The Senate budget represents about an 8 percent increase. That’s a lot, but way less than the average growth in spending over the past few cycles. I can accept that. It helps that the Senate budget avoids tax increases and leaves a solid amount in reserve. Republicans deserve much of the credit for that restraint, which is tremendously important considering the uncertain times ahead for our state economy.
The operating budget proposed by the House Democrats this week would spend a billion dollars more without addressing obvious needs like learning loss. The Senate budget is better by far, and the challenge now is to make sure the good things about it are preserved in the compromise that must be negotiated with the House before the session ends April 23.
In the past couple of years the governor has used non-elected state councils to make major decisions which critics assert will increase the cost of residential and commercial construction. What are your views on the new restrictions (mostly on the use of natural gas) and on these unelected bodies having such an impact on construction in our state?
The governor couldn’t get his crusade against natural gas through the Legislature because too many of us could figure out what that would mean for construction costs, and in turn housing costs. It’s so hypocritical how he rails about the need for housing while supporting policies that would drive up the cost of homebuilding.
After seeing what the State Building Code Council did – or tried to do – regarding natural gas, I introduced SB 5037 and SB 5117 to basically reassert the authority of the legislative branch to make decisions about energy choices and clarify the council’s role. Similar legislation was introduced in the House. None of these bills went anywhere.
Also, it isn’t just the SBCC. The governor’s appointments to the state Fish and Wildlife Commission have recently drawn accusations of bias and resulted in legal action. I introduced legislation to make several reforms, like changing how appointees are nominated, and preventing those appointed from serving until they receive state Senate confirmation. SB 5675 also went nowhere.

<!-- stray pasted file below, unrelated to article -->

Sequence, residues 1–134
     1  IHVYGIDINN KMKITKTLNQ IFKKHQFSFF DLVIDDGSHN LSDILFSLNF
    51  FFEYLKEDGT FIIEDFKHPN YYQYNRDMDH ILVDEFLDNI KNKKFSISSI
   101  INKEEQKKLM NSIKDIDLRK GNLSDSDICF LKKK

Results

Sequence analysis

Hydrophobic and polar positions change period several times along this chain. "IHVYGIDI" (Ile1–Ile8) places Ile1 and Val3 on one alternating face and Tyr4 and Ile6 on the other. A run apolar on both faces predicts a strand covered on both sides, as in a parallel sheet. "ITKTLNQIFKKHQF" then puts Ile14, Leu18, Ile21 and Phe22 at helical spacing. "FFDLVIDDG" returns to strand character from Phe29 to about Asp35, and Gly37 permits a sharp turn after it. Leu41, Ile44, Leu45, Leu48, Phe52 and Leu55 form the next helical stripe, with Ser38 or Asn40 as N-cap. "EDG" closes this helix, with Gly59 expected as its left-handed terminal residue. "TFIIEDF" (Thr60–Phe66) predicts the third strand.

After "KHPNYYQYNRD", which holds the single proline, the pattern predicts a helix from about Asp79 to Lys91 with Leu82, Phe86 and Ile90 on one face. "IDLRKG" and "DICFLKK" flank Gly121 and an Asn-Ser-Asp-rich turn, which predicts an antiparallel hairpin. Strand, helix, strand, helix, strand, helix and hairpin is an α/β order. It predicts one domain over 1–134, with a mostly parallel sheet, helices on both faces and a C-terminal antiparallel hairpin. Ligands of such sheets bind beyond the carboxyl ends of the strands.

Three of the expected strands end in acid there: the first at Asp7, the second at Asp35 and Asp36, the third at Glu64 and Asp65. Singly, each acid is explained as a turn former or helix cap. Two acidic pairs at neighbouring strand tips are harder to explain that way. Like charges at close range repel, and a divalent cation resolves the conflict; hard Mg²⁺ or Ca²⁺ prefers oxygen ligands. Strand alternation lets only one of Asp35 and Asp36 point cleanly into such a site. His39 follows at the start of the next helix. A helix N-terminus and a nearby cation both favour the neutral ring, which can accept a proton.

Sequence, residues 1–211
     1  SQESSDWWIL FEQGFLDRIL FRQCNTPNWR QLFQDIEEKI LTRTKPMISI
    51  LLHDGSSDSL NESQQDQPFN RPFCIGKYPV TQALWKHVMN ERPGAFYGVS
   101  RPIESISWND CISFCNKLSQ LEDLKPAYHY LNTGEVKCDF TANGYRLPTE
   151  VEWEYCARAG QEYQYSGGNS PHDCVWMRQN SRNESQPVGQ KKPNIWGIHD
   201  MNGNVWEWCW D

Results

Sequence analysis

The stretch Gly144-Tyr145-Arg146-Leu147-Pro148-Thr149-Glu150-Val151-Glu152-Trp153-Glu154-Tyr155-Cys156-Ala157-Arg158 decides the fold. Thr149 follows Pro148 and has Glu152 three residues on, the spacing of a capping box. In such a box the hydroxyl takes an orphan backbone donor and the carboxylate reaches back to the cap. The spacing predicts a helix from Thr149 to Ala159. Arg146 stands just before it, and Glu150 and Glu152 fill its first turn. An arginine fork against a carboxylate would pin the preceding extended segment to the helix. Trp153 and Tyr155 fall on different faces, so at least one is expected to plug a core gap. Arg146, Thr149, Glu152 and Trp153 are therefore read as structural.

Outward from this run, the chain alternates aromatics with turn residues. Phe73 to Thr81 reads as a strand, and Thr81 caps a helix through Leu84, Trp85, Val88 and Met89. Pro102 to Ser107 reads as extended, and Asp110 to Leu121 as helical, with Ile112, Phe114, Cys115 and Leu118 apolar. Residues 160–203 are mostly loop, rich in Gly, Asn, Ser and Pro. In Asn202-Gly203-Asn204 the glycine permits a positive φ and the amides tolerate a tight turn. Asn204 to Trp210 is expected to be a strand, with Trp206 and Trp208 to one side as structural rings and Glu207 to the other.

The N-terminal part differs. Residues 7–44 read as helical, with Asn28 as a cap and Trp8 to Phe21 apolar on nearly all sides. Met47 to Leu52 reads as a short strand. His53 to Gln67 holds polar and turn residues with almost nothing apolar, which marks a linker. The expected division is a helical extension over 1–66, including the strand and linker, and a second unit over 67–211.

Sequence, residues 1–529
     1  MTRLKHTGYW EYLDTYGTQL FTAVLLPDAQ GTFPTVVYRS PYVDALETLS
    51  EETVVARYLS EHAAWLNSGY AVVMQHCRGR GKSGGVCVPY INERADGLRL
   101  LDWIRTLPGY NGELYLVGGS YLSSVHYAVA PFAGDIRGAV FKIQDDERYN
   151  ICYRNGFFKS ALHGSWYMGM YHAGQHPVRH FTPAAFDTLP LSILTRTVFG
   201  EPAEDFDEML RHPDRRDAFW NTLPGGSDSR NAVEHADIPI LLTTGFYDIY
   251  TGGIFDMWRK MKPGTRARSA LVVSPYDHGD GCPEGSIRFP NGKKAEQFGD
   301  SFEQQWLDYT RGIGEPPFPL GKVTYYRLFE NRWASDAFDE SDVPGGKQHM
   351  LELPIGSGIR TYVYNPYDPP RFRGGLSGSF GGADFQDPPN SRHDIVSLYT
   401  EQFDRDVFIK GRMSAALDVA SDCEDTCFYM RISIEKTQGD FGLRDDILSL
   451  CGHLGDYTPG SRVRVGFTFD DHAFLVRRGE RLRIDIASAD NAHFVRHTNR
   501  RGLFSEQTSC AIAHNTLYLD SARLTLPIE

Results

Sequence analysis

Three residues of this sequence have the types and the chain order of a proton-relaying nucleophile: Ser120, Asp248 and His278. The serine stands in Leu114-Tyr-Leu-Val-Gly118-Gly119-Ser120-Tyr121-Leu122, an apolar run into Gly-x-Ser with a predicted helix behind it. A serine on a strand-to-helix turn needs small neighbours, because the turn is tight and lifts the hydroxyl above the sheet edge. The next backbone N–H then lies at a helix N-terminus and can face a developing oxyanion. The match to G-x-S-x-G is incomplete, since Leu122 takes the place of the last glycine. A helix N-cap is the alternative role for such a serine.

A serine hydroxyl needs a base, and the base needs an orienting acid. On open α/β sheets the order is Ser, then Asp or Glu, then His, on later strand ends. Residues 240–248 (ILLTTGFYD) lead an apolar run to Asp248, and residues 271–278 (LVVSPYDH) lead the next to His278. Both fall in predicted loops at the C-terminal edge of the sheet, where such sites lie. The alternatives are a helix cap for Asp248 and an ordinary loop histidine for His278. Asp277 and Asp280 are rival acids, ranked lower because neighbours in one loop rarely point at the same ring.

The lack of interest in these bills tells me the majority Democrats are trying to protect the governor’s authority, the same way they did by blocking my efforts to reform our state’s emergency-powers law.
Speaking of non-elected councils… keep an eye on the Environmental Justice Council created during the infamous 2021 session, through the “Healthy Environment For All” (HEAL) Act. Its many powers include recommending how to spend revenue from the state’s sale of carbon-emissions credits. The first emission-credit auction raked in $300 million, much more than was assumed – and there are more auctions to come. There is just one representative of business on the 16-member council, and no legislators serving as ex-officio members, which is the position I have on the SBCC.
For more information on Senator Lynda Wilson and to contact her office, please visit her official wenbsite.